This week – fantasy pinup finds happiness in soft porn (The Notorious Bettie Page), a small screen classic gets a Hollywood makeover (Miami Vice) and the American oil industry crushes its rivals (Who Killed The Electric Car? ).
Brought to us by Mary Harron (I Shot Andy Warhol, American Psycho), first up is The Notorious Bettie Page.
As Peter Bradshaw of The Guardian sets out, “50s nude pin-up queen Bettie Page is the subject of Mary Harron's watchable if directionless new movie. Gretchen Mol is excellent as Bettie, the church-going girl from the south who good-naturedly found herself doing naturist and glamour modelling of an increasingly, erm, specialist kind.”
“If it falls short in giving us much insight into the woman beneath the fetish gear and stiletto heels, it at least feels true to the joyful, playful spirit she brought to her poses”, reports Wendy Ide from The Times.
Whatever the contradictions within the film, Anthony Quinn of The Independent agrees that “On the plus side, Mol's smiley, old-fashioned obligingness is irresistibly touching, and the mixture of New York in gorgeous black and white and Miami in lush Technicolor provides, like Mol herself, a sight for sore eyes.”
We think that seems worth it alone.
Next we have Miami Vice, the big screen brother to the classic eighties TV series starring Don Johnson and Philip Michael Thomas. Here, Colin Farrell and Jamie Foxx take over as Sonny Crockett and Ricardo Tubbs in a blockbusting new big screen version described by The Times as “numbingly dull”. Wendy Ide claims to have had affection for the TV series with its “shameless, mindless escapism for a generation raised to revere this most conspicuous demonstration of consumption” but complains that
Michael Mann, the creator of the original series and director of the feature-film version of Miami Vice, seems to take the whole flashy mess very seriously indeed. And if a film this tacky and hackneyed doesn’t invite you to laugh with it, you have no option but to laugh at it instead.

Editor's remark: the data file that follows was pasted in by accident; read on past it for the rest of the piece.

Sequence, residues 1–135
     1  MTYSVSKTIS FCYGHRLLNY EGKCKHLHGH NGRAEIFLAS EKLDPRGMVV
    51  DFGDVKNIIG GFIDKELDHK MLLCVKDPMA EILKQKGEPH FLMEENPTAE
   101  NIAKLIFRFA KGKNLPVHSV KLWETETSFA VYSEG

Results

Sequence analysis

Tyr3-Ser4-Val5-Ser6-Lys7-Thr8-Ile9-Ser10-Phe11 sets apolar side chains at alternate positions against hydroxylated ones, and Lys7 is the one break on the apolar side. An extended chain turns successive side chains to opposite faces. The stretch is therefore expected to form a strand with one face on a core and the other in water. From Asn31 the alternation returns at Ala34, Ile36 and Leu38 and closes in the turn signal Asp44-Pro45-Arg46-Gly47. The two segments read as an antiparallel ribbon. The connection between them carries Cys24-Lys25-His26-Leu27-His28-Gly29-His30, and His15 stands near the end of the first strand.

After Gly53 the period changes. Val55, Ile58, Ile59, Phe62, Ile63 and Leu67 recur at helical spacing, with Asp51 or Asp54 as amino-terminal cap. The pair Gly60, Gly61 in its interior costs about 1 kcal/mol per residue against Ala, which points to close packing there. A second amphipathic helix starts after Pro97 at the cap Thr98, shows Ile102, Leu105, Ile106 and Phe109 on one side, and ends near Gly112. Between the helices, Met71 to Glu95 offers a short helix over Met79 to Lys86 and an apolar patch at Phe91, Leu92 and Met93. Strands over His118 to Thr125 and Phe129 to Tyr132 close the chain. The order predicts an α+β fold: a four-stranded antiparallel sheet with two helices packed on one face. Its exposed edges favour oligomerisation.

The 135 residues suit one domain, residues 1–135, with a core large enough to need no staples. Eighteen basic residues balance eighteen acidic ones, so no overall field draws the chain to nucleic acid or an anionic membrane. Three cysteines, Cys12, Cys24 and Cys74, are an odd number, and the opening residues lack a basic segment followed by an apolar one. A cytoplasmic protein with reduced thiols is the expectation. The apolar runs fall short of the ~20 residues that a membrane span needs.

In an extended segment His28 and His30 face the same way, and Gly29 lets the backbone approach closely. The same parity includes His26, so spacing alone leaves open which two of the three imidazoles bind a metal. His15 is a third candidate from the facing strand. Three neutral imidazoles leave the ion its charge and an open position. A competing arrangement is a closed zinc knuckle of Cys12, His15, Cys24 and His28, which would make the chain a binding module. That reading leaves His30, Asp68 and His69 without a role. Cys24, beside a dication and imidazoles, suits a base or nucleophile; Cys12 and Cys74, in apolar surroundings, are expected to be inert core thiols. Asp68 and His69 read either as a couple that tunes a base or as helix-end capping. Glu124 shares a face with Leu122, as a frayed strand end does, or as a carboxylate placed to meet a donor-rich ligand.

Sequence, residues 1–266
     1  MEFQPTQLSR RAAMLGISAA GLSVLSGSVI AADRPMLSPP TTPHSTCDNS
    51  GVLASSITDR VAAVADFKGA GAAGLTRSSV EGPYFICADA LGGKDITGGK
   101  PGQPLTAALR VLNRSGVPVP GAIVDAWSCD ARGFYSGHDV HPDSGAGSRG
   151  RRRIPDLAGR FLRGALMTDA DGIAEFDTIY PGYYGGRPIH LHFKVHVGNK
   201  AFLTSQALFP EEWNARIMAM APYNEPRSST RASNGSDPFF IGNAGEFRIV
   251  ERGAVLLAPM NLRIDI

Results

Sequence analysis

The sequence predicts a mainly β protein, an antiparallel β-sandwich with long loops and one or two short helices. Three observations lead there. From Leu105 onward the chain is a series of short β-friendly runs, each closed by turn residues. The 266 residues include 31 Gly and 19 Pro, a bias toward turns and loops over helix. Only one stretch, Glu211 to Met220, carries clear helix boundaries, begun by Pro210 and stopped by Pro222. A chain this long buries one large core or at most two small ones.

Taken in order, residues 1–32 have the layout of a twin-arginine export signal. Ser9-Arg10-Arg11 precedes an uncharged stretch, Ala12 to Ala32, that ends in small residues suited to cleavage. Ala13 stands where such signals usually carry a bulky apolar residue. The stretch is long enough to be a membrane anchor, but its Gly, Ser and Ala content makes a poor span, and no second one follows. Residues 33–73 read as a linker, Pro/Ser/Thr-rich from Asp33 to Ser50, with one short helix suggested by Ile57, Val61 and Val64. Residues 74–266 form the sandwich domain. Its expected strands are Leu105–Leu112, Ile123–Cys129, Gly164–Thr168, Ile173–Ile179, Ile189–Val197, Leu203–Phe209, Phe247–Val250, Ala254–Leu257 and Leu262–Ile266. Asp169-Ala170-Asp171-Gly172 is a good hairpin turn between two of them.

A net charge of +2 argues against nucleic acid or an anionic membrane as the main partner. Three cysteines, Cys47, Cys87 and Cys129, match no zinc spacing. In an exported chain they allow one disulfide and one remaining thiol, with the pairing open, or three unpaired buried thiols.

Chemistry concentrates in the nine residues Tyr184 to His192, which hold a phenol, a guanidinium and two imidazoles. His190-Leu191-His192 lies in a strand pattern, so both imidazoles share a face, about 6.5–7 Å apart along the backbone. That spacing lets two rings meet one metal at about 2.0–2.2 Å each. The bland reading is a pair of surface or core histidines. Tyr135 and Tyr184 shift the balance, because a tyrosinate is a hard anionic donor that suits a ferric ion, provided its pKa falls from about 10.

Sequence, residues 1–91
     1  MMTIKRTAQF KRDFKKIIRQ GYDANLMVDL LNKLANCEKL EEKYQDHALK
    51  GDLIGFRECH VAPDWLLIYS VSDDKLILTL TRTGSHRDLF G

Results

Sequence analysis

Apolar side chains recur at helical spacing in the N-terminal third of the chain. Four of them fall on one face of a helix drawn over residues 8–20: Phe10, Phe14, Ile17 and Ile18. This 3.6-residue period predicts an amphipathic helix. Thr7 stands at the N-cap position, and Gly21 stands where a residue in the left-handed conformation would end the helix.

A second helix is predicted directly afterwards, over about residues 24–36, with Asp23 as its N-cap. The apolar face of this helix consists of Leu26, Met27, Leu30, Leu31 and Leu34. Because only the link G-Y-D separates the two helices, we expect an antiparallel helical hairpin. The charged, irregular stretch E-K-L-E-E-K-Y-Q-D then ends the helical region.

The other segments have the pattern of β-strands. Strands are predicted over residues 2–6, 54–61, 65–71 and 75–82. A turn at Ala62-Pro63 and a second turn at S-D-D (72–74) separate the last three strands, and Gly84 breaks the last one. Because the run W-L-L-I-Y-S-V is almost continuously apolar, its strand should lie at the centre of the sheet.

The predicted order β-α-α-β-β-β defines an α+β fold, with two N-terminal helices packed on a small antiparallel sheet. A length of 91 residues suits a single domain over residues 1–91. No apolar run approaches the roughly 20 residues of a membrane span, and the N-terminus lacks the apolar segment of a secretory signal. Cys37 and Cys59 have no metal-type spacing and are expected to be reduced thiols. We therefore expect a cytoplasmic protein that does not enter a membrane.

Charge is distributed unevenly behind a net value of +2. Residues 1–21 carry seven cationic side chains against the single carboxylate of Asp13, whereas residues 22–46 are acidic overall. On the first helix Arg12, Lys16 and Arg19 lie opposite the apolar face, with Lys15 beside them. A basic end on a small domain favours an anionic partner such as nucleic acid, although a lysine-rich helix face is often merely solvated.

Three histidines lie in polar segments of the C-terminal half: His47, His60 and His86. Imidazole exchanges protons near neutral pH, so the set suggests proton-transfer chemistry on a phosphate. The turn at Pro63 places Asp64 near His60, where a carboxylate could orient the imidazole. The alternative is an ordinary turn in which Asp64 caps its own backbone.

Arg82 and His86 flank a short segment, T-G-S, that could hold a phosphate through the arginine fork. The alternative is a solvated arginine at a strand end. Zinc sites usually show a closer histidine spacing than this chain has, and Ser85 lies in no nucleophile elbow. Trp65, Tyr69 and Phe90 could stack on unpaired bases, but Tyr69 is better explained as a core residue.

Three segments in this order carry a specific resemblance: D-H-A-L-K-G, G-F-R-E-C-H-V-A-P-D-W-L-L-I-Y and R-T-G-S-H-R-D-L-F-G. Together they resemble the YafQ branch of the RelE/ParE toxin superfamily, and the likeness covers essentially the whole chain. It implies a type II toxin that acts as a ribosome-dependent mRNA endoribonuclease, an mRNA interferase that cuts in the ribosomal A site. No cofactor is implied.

Conversely, Peter Bradshaw from The Guardian gives it four out of five stars, calling it a “bold, powerful and irresistibly thrilling movie”. While he admits that “Many critics have found in Mann's films an excess of macho bluster” he can’t praise the film or the director highly enough, describing Michael Mann as “a heavyweight boxer who talks the talk at the weigh-in and lands the mightiest of punches in the ring”.
The Independent’s Anthony Quinn agrees that
Nobody captures better than Mann the glistening anonymity of the city at night, or frames it with such swaggering precision; he gives a real sense of the city as a character, enfolding its inhabitants in toxic swathes of romance and rot
but shares Ide’s criticisms of the plot, calling it “threadbare”. He concludes that “The movie delivers on the vice, no question; I just thought it might have worn a more cunning disguise”.
The Independent give Who Killed The Electric Car? three out of five stars, calling it a “measured indictment of America's environmental hooliganism”, a “desperately sad story, though not one that looks like shaming America's gas-guzzlers into a U-turn, or even a prolonged sideways skid”.
The Guardian’s Geoffrey McNab doesn’t say much, merely stating that it is “Put together in such a clunky fashion that it mutes its own arguments”.
Ian Johns of The Times sums it up a little better:
Starting out as a partisan tribute to the EV1, the film then indicts, among others, the motor industry, a Bush Government lashed to the oil industry and SUV-loving consumers, for the car’s demise. It’s such a shame that Paine answers his worthwhile question in such a dry and preachy manner.
Didn’t people say the same about Bowling For Columbine at first?
Also out this week: Paper Clips (a middle school in Tennessee start collecting a paperclip for every person killed in the Holocaust), CSA: The Confederate States of America (a satiric romp based on the South winning the Civil War), My Super Ex-Girlfriend (Uma Thurman as superheroine gets her own back on her ex), and The Ant Bully (animated ant comedy starring Nicholas Cage as the ant wizard).
Trailer of the week - Volver